QUESTION: There is a story of you running after Arafat to keep him from leaving peace talks in Paris, and you finally getting him and sort of sweet-talking him back into the talks. Can you tell us that story?
SECRETARY ALBRIGHT: Well, this was a very, actually, tense time as we were trying to get one phase of these very difficult talks going. And I had been in another room talking with Prime Minister Barak, and Chairman Arafat felt that he had enough of sitting in a room waiting and so he left. And we were in the residence at our Embassy in France, which is a great place but has a cobblestone courtyard.
And all of a sudden, I was told that Arafat was leaving and so I started running after him yelling, "Close the gates, close the gates." And it really was like something out of a movie. And they closed the gates, I mean literally, two seconds before he was about to get out of them. And then I got in the car and I told him this is really important and got him back in.
QUESTION: Was all this in high heels?
SECRETARY ALBRIGHT: All in high heels, and hoping that I wouldn't fall on my face.
QUESTION: Do you think that as a woman in the cabinet that you were in a particularly delicate situation during the President's scandal and the impeachment?
SECRETARY ALBRIGHT: Well, I think that it was a difficult time for everybody. The President has said it was difficult. I found it a time that, personally, I am really very grateful to the President. I think he has been a fantastic president.
QUESTION: Did you feel betrayed at all?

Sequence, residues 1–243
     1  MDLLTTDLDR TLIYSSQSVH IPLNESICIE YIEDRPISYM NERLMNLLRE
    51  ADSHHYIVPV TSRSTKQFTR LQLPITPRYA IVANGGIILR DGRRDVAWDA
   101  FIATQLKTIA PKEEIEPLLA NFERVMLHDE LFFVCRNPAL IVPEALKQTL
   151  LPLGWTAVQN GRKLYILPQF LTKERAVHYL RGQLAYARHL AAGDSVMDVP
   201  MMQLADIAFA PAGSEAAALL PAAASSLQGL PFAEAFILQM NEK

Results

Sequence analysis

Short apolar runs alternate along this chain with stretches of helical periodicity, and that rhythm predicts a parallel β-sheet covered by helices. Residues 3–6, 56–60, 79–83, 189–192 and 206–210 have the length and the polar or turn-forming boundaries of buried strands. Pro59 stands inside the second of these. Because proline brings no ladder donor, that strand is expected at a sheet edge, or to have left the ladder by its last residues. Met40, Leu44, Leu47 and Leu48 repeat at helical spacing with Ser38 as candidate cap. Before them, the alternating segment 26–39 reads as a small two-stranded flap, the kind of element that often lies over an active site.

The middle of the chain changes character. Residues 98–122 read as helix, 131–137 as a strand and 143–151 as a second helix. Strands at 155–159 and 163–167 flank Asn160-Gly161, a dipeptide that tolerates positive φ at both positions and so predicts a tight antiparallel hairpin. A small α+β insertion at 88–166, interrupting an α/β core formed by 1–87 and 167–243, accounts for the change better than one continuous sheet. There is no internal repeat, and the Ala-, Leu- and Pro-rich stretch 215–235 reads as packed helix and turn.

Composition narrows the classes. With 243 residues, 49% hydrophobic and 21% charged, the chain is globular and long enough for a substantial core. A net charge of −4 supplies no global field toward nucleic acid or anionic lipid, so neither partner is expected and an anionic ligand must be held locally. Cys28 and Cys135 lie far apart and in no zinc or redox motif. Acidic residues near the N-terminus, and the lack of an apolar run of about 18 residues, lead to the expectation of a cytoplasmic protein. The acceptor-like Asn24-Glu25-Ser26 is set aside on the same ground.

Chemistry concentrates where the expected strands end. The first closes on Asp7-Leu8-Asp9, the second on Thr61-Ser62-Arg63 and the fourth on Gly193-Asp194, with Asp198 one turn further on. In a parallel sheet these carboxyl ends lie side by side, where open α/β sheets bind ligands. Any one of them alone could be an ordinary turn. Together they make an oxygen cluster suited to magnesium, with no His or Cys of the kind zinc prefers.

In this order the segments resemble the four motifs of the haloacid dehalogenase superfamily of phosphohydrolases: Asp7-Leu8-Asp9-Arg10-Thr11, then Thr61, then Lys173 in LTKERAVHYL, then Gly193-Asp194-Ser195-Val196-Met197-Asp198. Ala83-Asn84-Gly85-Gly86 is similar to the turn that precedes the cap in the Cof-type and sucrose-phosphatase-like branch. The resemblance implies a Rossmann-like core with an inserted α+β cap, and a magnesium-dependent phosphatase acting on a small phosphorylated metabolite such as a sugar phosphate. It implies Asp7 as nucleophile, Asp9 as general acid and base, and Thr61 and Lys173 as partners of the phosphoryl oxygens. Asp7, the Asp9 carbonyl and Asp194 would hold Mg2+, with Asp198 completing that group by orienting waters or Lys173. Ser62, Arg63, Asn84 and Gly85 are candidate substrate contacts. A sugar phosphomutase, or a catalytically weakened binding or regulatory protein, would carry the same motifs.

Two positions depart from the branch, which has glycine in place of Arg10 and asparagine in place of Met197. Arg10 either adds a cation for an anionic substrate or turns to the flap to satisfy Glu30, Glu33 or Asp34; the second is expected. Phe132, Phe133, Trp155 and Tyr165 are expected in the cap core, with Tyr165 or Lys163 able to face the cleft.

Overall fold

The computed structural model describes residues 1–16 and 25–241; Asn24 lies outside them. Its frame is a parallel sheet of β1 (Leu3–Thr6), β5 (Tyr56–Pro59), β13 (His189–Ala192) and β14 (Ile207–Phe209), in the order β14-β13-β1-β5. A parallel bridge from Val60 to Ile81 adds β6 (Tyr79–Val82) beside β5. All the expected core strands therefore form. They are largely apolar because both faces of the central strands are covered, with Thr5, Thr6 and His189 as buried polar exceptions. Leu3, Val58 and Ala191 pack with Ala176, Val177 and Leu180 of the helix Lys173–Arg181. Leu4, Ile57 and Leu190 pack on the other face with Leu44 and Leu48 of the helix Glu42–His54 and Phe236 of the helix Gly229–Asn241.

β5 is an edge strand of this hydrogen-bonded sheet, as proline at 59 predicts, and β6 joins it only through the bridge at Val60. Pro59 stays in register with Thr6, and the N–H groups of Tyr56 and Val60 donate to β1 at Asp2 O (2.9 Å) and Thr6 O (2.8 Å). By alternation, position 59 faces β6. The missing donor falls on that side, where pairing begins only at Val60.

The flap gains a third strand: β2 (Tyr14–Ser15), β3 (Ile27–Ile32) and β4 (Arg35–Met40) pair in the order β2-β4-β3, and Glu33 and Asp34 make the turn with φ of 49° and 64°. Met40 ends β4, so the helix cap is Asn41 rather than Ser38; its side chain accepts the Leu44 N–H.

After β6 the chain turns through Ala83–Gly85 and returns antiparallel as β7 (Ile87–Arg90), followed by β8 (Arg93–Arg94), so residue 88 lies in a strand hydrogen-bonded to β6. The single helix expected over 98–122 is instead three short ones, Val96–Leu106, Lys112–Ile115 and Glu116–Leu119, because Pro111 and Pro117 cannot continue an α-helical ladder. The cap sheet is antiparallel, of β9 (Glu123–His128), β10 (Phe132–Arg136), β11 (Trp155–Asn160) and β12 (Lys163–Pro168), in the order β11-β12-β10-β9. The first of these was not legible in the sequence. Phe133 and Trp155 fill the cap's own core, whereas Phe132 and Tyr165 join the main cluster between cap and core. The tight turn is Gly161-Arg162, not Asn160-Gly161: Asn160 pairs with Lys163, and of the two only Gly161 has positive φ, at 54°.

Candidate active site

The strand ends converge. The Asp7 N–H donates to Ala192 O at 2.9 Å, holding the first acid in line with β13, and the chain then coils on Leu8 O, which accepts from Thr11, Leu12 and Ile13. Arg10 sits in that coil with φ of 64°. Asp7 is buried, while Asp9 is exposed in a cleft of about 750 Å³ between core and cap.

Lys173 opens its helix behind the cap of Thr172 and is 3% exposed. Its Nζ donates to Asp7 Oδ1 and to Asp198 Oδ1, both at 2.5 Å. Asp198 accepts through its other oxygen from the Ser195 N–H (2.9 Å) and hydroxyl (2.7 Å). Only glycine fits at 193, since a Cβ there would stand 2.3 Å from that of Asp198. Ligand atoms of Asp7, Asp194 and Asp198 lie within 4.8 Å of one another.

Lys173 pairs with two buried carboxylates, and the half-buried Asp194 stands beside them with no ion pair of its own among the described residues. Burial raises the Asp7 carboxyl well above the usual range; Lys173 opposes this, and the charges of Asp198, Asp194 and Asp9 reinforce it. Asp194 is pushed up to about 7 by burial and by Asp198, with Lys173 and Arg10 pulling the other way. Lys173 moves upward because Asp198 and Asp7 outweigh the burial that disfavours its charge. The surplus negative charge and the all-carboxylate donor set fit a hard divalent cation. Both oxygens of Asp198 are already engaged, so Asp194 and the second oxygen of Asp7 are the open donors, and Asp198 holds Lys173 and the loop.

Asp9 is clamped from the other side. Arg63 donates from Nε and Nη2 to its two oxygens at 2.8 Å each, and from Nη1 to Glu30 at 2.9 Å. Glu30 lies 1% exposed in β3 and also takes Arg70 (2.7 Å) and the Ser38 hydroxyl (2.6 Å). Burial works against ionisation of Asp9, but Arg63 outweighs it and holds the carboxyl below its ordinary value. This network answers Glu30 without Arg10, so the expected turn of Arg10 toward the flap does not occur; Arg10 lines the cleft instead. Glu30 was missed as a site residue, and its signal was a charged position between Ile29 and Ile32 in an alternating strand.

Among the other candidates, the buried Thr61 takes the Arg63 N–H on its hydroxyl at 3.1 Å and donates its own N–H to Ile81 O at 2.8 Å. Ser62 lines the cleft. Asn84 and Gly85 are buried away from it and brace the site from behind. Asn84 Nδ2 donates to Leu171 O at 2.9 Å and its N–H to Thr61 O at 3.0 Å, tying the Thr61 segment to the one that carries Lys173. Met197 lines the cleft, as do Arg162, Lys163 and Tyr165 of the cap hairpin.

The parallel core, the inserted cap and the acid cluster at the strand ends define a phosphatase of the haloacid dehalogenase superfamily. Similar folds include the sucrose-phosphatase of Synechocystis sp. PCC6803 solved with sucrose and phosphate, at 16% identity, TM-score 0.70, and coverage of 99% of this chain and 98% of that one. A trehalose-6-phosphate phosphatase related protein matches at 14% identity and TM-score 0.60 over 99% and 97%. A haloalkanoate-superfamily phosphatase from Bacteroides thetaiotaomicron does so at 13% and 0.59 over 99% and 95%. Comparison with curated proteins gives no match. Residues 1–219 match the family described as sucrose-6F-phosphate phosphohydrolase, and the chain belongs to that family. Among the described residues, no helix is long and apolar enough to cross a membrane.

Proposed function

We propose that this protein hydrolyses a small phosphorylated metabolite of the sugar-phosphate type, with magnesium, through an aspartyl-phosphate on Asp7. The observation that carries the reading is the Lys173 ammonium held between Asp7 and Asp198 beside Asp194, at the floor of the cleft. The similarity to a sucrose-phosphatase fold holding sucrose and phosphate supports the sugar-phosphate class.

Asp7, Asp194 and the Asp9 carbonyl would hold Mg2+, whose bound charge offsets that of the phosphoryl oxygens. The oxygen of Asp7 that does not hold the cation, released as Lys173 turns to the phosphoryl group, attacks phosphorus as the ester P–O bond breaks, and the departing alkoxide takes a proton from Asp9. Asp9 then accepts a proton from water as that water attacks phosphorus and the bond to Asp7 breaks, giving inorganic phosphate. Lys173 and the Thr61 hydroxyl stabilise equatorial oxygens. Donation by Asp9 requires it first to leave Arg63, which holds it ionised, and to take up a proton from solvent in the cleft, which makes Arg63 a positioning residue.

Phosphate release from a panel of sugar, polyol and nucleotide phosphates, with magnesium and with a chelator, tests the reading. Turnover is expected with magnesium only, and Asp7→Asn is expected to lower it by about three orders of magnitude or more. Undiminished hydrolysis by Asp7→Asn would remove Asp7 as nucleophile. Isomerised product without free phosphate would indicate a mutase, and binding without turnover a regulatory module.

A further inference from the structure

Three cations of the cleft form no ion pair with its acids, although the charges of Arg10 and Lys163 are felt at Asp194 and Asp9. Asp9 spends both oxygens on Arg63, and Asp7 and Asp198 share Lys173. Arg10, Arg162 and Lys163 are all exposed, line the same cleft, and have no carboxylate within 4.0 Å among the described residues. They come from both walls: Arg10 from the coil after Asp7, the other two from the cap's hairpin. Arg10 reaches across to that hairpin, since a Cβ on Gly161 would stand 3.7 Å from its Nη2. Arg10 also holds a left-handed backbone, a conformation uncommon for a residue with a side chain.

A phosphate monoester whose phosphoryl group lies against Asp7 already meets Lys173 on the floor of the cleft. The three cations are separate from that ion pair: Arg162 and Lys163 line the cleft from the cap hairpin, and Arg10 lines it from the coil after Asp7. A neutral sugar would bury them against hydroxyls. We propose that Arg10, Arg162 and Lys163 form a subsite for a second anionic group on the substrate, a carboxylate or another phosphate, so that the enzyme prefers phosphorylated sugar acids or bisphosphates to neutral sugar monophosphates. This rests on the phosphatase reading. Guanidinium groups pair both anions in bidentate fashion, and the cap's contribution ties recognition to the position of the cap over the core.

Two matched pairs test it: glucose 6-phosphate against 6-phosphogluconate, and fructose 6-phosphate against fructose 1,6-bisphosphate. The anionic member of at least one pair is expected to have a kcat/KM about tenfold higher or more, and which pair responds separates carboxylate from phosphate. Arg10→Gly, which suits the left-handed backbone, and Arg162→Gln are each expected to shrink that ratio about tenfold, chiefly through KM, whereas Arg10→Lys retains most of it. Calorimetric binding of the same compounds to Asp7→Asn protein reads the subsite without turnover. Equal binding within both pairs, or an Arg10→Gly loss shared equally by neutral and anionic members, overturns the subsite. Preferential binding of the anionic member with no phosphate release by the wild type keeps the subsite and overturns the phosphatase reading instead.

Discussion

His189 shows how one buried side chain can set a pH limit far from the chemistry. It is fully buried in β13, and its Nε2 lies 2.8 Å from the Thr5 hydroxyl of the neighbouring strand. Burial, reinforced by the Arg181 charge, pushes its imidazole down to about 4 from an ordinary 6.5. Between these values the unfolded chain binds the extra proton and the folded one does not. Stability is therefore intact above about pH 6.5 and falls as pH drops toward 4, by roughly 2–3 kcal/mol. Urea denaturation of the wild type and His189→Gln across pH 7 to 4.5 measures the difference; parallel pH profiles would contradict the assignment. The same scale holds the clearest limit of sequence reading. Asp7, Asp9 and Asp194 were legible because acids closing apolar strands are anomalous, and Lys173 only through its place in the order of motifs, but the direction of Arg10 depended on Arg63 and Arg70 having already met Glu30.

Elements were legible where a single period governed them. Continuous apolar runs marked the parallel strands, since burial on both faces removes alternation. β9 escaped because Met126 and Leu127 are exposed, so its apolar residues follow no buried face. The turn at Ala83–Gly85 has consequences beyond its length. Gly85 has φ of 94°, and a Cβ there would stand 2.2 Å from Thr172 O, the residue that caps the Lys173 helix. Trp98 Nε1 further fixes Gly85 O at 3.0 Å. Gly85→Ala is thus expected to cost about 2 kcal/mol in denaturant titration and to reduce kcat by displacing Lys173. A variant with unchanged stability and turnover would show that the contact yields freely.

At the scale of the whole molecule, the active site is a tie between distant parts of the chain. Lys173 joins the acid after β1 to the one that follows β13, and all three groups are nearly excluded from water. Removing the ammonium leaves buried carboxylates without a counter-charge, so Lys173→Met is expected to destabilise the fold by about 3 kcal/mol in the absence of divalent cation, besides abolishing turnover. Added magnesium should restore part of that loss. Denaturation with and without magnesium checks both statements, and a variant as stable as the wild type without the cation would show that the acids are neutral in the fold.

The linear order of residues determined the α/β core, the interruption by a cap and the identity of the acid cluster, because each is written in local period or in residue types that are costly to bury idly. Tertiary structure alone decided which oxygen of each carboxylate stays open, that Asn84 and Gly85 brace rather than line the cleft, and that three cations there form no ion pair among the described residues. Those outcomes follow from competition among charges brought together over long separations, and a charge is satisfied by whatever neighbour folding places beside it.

SECRETARY ALBRIGHT: Well, I think it was not a pleasant time, but I think that President Clinton is going to be remembered for his initiatives, both in domestic and foreign policy. And in foreign policy, Cokie, I've got to tell you that it did not have any effect. In fact, most of the people -- countries that I dealt with -- thought we were nuts.
QUESTION: Your successor, in the same way that you were the first woman, will be the first African American. Will there be things that he can do for minorities in this job in the same way you have tried to put women's issues on the agenda?
SECRETARY ALBRIGHT: Yes. And we have -- first of all, I have to tell you that we're very good friends, despite some of the policy issues that have come up, and we've done a lot of talking about this already. It's the most amazing symbol of America that the first female Secretary can be followed by the first African American. And I am very, very glad that he will do that.
QUESTION: Among the many things that happened during these years, personally you learned of Jewish roots that you did not know about, and you talked about wanting to have some time eventually to think about that and connect in some way. Do you think you'll do that now?
SECRETARY ALBRIGHT: I will, because I'm going to write a book and I'm going to deal with various aspects of my story as it reflects the 20th Century, and obviously that's going to be a part of it. But it's very interesting. You know, I went back to the Czech Republic the summer after I heard about this and had already begun to connect and reconnect, and I'm in touch with various people, but I will have time to reflect on it all as I write my book.
QUESTION: And you went to the synagogue there, which must have been quite a moment when you actually saw your grandparents' names.
SECRETARY ALBRIGHT: Absolutely. It was one of those -- I don't even know how to describe it to you, Cokie. But seeing their names and realizing that if my parents hadn't done what they had, our names would be up there too, is a stark moment. I don't know how to say it other than that.
QUESTION: And one of the things you've said is that now that you're a grandparent that you understand that you were loved by them in a way that you never knew. Is time with these grandchildren going to be part of the future?
SECRETARY ALBRIGHT: You bet. And it's a great part. Of course, they have to get used to the fact that they have an ordinary grandmother. They have kind of thought that it was, you know, their grandmother they see on television and run up to the TV, I've been told. And now they're just going to have a nice, ordinary grandmother with a lap.
QUESTION: Thank you very much, Madame Secretary. Thanks for being with us.
SECRETARY ALBRIGHT: Thanks, Cokie.